The Hayward Gallery, one of the largest, purpose-built galleries in Britain, forms part of the South Bank Centre.
Named after Sir Isaac Hayward, one-time leader of the LCC, the gallery was designed by the GLC Department of Architecture, led by Geoffrey Horsefall. Following its opening in October 1968, the gallery become one of London's main venues for large art exhibitions.
The gallery has no permanent exhibition but hosts temporary shows of contemporary and historical art, often the work of British contemporary artists. Every five years the gallery selects and organises The British Art Show, a large-scale exhibition showing strength and vitality of British Art.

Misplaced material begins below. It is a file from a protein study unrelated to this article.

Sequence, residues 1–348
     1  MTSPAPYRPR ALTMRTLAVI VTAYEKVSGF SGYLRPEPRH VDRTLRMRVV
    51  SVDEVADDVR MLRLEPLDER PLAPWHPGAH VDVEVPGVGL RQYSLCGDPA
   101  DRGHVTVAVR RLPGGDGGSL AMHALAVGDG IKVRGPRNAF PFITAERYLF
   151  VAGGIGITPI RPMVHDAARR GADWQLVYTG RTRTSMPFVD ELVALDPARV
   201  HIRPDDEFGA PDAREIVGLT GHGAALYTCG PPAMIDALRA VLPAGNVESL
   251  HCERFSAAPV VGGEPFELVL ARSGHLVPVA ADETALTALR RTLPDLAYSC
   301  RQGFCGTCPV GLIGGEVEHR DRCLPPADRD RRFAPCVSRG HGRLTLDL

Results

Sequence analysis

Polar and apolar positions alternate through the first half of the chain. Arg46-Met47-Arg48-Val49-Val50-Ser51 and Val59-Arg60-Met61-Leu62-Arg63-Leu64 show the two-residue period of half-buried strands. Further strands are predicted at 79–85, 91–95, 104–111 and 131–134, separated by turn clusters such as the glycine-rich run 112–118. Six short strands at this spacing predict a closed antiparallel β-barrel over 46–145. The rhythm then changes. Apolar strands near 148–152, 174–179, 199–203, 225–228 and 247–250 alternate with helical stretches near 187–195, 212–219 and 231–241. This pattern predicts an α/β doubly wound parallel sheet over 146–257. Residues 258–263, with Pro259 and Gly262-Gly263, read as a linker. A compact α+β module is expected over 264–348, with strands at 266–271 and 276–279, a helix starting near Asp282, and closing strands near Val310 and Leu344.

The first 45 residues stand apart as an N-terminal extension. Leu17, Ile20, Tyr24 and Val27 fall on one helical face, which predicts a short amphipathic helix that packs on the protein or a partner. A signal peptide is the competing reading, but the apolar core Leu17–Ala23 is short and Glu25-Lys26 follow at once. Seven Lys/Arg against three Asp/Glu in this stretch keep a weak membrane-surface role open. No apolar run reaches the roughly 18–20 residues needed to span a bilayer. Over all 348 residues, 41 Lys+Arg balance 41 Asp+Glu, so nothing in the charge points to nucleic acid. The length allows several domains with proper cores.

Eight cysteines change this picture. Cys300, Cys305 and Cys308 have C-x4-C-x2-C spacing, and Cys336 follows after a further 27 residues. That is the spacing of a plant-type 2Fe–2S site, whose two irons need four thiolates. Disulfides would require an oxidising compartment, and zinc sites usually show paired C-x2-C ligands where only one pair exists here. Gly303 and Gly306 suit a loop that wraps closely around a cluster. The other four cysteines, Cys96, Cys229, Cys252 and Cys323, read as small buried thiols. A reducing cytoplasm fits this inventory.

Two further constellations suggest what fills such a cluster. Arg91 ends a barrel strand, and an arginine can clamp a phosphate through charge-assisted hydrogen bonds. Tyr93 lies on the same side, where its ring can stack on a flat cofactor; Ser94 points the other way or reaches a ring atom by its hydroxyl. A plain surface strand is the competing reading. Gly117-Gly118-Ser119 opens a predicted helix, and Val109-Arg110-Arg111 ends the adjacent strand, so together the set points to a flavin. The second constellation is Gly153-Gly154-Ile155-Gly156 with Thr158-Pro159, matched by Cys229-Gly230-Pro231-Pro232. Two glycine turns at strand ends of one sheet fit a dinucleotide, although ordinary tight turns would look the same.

Admission charges to the temporary exhibitions high, justified by the class of the exhibits.
The buildings that developed around theRoyal Festival Hall in the latter half of the 20th century has been criticised, and the Hayward Gallery, with its grey concrete facade, is considered too stark. In 1999 the architect Rick Mather was appointed to re-plan the area, with plans to to demolish many of the buildings of the South Bank, including the Hayward Gallery, and replace them with a new film complex, hopefully to include a new Museum of Moving Image now that the popular original was closed.
This popular gallery often attracts large crowds and long queues may build up at the weekends.